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disposed of more rapidly than at present there must this kind upon whatever basis arranged would almost be soine arrangement whereby a greater number can inevitably lead to confusion, and in any event to a be submitted. How can this be accomplished except more or less unequal division of work among the by haviug either more than one tribunal sitting at the judges; whereas it is advisible to accomplish the obsame time or by extending the duration of the present ject in view with as little an invasion upon established sessions. This latter proposition is practically impos- usages as possible and with as year an equal division of sible as it would leave but little time for the consid- labor as may may be. eration of causes, which is of far more importance tbau The simplest metbod occurring to me of accomplishthe hearing of them.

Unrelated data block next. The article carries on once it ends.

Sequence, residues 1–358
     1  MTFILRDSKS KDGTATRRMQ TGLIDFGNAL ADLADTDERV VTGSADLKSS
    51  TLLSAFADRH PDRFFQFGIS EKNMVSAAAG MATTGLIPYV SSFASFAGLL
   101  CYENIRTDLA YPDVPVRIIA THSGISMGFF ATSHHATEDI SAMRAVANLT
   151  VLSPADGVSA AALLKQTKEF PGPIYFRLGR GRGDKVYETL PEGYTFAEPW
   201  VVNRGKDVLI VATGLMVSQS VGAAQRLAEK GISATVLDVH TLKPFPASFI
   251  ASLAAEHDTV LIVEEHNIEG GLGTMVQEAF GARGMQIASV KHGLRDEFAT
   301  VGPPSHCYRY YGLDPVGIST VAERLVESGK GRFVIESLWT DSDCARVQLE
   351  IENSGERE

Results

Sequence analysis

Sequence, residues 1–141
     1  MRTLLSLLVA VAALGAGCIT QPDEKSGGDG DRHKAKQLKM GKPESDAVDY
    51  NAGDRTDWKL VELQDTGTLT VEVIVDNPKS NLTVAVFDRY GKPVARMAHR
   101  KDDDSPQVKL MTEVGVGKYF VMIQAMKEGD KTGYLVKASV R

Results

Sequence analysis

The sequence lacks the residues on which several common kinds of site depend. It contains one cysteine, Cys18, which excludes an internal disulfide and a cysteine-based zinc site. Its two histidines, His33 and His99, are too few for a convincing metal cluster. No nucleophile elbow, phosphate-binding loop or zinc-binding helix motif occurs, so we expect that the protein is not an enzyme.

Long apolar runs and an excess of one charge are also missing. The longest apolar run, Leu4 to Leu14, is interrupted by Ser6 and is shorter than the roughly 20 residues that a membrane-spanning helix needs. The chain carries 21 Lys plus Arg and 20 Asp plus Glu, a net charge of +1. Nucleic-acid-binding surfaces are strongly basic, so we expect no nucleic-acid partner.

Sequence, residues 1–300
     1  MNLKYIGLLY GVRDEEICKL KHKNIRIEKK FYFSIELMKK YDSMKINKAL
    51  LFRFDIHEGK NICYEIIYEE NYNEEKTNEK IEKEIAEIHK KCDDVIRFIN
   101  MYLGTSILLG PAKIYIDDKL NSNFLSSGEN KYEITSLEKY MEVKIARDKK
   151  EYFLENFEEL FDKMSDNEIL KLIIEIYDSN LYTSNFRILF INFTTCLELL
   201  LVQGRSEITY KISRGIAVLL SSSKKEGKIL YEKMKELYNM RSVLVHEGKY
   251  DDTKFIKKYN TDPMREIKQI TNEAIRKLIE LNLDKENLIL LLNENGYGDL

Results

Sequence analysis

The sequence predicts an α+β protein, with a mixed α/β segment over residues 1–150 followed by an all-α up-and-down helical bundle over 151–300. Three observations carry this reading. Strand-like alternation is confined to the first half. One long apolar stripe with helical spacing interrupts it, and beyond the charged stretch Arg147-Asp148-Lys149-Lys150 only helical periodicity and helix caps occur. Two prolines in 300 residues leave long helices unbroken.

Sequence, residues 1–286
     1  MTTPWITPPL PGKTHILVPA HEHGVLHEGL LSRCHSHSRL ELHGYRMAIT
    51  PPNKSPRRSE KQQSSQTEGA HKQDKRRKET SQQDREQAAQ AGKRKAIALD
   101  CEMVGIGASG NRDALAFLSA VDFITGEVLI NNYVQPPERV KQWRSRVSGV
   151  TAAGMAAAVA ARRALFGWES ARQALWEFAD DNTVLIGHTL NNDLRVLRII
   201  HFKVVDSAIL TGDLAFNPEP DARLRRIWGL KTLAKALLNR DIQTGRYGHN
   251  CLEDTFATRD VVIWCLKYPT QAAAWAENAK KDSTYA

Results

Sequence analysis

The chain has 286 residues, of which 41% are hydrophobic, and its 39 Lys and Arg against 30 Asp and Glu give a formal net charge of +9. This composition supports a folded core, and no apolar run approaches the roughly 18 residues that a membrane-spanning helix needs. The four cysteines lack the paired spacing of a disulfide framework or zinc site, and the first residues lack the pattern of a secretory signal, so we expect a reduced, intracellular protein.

ing this end, is to make up a calendar under the same The former proposition, which is the one that seems regulations as at present obtain. preferable to me, involves the separation of the court Then when the court convenes, the two divisions into divisions for the purpose of hearing causes in the sitting in separate rooms, let one division hear those first instance at least. A division of the courts into causes which appear upon the general calendar desigtwo brauches would at once double the number of nated by odd numbers, and the other division those causes submitted provided the duration of the ses- causes designated by even numbers; with the undersious was the same as now in vogue, and if there were standing that all causes, whenever there should happen enougb members of the court to decide the causes to be any such involving practically the same question, thus submitted with the same rapidity as at present be heard in the same brancb. there would in the course of the year be twice the It will be seen that the method of relief here propumber of causes disposed of.